A response to Suzanne Young's "Friday Funkday" in Flashy Fiction.
I opened the mailbox. Flipping through my mail, I trudged back up to my apartment on the third floor. I'd received a PG&E bill, a Pyramid Collection catalog, a shiny advert for the local tire shop, both of them trash since I was squeezing by as it was and couldn't pay the PG&E bill until I got my paycheck in two weeks. Odd, underneath the PG&E bill was a lumpy envelope. I threw the junk mail on the pile of papers on the dining table and chewed on the PG&E bill -- I needed to find some place where I wouldn't lose it until I had the money -- as I looked at the lumpy envelope. The corner was stamped airmail. After the phone call last Sunday, Monday afternoon for Jezebel, she'd promised to help. I had scoffed at the time, how could she help me clean up the place before mom came to visit next weekend.
Yet, I now had a little package from Jezebel. I shook it, two soft bumps rattled as they slid in the envelope.
"Hey, we're trying to sleep in here."
In my surprise, I dropped the envelope. I backed away from the airmail envelope and absently dropped the PG&E bill on the floor with the scattered popcorn crumbs.
"What did you do that for?"
Jezebel had sent me a talking greeting card? She was odd, but even she wouldn't think that would help clean up this dump. I picked the envelope up by a corner, the lumps seemed to move of their own accord.
"You gonna let us out or what?"
I opened the letter. Two doll-like figures, sparkling wings sticking out of their backs, tumbled onto the stack of mail and papers to read for class strewn across the table. They reminded me of little Tinkerbells except unlike Tinkerbell's flawless skin and ageless eyes, they were wizened creatures, the tiny wrinkles on their faces had mini-wrinkles inside them.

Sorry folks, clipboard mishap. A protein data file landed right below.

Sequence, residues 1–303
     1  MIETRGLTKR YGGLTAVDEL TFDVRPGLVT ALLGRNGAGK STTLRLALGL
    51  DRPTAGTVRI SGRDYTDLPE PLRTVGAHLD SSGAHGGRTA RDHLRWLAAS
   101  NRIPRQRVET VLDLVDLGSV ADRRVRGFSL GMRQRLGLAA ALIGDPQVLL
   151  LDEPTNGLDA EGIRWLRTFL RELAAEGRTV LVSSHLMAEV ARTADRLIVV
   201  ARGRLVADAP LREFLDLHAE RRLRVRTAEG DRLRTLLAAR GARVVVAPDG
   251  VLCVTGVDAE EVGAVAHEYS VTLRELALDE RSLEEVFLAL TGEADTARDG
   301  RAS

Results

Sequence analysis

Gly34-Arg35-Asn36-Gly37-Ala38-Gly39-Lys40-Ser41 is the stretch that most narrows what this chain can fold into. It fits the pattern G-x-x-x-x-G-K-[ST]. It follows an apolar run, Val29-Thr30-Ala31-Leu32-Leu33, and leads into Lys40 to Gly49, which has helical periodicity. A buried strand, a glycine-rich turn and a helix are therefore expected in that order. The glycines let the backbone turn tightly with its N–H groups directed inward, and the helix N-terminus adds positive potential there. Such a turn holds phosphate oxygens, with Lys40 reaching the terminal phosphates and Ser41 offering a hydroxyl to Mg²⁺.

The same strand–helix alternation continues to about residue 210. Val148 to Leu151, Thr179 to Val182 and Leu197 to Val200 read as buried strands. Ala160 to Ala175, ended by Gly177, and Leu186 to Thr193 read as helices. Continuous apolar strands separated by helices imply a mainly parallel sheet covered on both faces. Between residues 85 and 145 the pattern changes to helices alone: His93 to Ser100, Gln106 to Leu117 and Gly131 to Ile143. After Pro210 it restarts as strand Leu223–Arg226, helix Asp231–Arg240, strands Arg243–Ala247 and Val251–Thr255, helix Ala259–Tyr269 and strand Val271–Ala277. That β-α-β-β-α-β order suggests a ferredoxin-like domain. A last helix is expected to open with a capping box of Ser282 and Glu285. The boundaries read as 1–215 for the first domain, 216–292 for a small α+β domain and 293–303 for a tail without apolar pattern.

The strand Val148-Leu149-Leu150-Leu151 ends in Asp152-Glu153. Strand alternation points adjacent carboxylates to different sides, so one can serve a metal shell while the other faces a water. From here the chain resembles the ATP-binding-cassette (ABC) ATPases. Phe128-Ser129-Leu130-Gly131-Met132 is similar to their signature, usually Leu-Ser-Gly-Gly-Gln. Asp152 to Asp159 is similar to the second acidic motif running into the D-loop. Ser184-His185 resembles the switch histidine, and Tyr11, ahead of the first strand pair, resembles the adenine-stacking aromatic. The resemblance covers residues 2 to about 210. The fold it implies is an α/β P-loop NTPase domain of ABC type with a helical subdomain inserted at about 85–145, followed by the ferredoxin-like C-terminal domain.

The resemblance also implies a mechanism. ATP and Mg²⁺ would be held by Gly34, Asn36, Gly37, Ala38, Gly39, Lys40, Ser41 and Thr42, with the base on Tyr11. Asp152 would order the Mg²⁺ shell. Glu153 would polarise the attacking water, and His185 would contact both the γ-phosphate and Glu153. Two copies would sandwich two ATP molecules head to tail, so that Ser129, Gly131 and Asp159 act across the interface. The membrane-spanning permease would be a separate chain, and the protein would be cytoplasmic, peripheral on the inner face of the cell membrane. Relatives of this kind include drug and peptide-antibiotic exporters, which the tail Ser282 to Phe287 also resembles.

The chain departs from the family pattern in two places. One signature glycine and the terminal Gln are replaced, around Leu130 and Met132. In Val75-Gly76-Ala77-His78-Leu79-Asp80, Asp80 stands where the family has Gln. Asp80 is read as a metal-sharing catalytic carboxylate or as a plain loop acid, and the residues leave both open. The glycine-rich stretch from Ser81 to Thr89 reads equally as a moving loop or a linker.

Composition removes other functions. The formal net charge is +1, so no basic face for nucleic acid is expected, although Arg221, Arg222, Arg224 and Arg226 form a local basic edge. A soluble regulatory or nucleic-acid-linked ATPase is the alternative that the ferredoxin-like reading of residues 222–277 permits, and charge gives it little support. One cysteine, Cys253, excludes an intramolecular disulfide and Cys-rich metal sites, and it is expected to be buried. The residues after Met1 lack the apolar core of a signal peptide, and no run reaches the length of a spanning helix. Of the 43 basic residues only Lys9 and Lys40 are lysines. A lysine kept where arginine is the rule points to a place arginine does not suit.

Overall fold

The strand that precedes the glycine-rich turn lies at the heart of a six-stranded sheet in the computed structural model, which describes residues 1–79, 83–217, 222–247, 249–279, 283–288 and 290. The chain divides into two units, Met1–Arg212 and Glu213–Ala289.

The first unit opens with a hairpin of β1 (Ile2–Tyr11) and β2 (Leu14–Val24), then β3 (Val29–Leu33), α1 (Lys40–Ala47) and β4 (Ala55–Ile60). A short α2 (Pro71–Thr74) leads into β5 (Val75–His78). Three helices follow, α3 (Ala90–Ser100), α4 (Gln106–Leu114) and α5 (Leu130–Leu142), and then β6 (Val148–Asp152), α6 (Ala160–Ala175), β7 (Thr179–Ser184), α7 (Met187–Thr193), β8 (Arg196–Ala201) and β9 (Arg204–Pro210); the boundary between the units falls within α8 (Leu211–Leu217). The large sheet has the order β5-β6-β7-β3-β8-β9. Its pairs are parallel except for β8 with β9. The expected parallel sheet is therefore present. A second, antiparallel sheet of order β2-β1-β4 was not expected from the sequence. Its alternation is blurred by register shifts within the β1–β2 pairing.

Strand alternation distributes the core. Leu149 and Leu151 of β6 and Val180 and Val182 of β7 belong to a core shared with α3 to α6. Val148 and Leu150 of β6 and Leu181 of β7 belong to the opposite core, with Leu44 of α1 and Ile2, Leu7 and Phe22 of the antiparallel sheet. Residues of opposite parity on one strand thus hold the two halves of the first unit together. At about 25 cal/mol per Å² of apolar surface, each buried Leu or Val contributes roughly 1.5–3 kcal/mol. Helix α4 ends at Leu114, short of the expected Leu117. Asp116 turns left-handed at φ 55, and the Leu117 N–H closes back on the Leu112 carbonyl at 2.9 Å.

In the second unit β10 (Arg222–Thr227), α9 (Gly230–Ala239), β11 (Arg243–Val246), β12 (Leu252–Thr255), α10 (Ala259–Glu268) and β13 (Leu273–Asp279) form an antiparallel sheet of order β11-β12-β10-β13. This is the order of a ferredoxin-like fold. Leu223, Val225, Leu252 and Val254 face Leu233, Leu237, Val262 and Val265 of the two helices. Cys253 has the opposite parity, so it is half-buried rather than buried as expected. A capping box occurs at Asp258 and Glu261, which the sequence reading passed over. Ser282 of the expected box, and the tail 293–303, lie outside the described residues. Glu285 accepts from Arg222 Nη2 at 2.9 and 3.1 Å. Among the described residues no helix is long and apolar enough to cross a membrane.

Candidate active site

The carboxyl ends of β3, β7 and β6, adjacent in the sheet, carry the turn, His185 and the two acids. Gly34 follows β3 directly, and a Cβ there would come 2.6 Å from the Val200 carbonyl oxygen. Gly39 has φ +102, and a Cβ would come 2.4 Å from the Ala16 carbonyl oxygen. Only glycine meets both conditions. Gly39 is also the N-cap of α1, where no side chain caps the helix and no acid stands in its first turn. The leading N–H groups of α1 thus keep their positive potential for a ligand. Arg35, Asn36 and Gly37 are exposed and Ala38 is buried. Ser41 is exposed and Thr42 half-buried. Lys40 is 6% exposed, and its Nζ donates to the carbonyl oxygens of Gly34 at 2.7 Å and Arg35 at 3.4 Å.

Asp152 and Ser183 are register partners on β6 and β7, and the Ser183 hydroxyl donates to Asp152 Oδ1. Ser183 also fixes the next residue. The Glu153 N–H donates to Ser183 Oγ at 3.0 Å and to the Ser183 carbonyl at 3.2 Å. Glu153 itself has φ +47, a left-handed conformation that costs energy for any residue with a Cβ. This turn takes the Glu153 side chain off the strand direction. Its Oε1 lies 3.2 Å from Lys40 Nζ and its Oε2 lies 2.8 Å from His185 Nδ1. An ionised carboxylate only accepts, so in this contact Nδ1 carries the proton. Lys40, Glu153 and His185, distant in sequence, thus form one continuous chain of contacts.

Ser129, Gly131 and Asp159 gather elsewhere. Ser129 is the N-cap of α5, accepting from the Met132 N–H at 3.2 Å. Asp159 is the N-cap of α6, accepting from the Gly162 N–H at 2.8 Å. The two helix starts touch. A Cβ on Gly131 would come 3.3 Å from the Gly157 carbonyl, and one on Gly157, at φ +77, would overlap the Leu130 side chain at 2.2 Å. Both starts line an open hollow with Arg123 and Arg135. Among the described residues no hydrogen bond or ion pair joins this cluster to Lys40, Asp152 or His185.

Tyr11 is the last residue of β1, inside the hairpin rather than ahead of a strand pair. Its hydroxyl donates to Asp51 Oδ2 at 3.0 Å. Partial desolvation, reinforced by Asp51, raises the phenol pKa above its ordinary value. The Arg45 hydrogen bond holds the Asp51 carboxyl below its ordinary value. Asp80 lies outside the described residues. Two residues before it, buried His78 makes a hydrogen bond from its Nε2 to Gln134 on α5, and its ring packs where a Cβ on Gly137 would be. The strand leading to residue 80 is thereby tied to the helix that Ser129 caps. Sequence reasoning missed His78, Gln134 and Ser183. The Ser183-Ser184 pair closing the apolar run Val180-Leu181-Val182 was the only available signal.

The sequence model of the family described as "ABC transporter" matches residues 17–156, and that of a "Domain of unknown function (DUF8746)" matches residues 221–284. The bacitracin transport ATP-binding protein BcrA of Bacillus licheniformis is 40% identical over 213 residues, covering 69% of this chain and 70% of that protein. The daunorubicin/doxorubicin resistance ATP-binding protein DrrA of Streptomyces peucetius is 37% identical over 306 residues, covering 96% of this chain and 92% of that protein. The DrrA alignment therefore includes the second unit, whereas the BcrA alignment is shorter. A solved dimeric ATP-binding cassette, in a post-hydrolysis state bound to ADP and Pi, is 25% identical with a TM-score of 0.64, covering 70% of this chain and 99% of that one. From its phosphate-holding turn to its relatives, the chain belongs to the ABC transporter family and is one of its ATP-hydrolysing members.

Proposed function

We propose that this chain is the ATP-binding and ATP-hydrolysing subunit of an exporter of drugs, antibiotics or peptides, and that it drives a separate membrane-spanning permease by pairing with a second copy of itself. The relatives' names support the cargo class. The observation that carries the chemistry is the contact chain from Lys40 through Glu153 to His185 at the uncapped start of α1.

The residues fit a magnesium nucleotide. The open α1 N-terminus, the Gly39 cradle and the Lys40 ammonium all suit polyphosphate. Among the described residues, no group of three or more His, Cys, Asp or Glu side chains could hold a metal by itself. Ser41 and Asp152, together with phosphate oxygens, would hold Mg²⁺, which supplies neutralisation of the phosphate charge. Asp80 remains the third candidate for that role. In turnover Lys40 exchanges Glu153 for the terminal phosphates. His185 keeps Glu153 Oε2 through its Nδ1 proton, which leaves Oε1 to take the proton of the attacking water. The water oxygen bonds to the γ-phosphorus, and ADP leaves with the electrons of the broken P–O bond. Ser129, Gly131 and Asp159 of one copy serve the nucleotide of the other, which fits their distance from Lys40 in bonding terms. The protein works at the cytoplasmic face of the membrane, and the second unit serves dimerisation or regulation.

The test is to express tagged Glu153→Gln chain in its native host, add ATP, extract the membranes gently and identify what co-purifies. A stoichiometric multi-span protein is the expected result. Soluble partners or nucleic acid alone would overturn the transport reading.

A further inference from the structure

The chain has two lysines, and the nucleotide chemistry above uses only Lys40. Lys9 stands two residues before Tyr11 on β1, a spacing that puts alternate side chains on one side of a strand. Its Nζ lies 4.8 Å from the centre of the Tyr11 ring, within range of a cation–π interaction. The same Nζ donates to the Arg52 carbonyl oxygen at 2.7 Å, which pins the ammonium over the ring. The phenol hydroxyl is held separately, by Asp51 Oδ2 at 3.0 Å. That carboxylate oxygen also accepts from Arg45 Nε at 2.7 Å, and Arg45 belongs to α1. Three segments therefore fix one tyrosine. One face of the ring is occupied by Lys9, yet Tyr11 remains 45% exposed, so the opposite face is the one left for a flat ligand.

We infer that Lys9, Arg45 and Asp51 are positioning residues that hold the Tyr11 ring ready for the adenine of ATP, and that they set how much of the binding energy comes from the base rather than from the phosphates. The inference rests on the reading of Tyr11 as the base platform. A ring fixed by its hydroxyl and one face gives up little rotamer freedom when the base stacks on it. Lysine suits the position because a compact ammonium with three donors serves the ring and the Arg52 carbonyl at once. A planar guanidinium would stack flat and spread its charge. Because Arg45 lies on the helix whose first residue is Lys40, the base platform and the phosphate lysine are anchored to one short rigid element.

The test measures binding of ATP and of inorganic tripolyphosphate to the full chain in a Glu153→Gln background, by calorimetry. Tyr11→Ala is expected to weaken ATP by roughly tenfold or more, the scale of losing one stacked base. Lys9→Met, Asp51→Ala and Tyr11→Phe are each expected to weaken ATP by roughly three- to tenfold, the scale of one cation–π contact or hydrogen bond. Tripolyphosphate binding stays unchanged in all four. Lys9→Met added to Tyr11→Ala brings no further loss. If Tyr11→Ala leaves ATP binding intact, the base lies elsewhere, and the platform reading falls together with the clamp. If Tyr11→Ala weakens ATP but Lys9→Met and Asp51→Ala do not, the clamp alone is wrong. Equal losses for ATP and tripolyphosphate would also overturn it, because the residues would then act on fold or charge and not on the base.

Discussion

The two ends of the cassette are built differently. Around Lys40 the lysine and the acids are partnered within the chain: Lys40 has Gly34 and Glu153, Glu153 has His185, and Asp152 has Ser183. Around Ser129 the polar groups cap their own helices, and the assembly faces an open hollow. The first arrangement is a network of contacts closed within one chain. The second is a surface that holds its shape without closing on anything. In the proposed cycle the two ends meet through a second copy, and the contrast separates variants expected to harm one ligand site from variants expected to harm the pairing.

"You must be Chris," said the male Tinkerbell. "You look just like your sister." He walked out on the edge of an envelope.
"Watch out," I yelled as I tried to catch the envelope as it slid off the pile causing him to slide down the stack of paper and fall on the floor.
He fluttered his wings and flew back up to the table. "Well, we must be at the right place. Jezebel said you needed our help."
I must be dreaming. These things couldn't be real. "Who are you?"
"This is my wife Mary, and I'm Braun." He bowed.
"That wasn't what I meant. You can't be real." All the pressure of mom's visit during finals must be testing my sanity.
"We're domestic fairies. At your service for the next week."
Mary flew to the window and looked outside. "Braun, it looks the same down under as it does back home."
"Down under? Jezebel lives down under."
Braun shook his head. "We've been here for tens of thousands of years, civilized long before you hairy apes walked on two feet. You've got that down under thing upside down."
I felt lightheaded. Maybe if I took a nap, I'd wake up sane again. "I must be dreaming you two. I'm going to nap now."
"Enjoy your beauty sleep," said Mary. "We'll get this place presentable."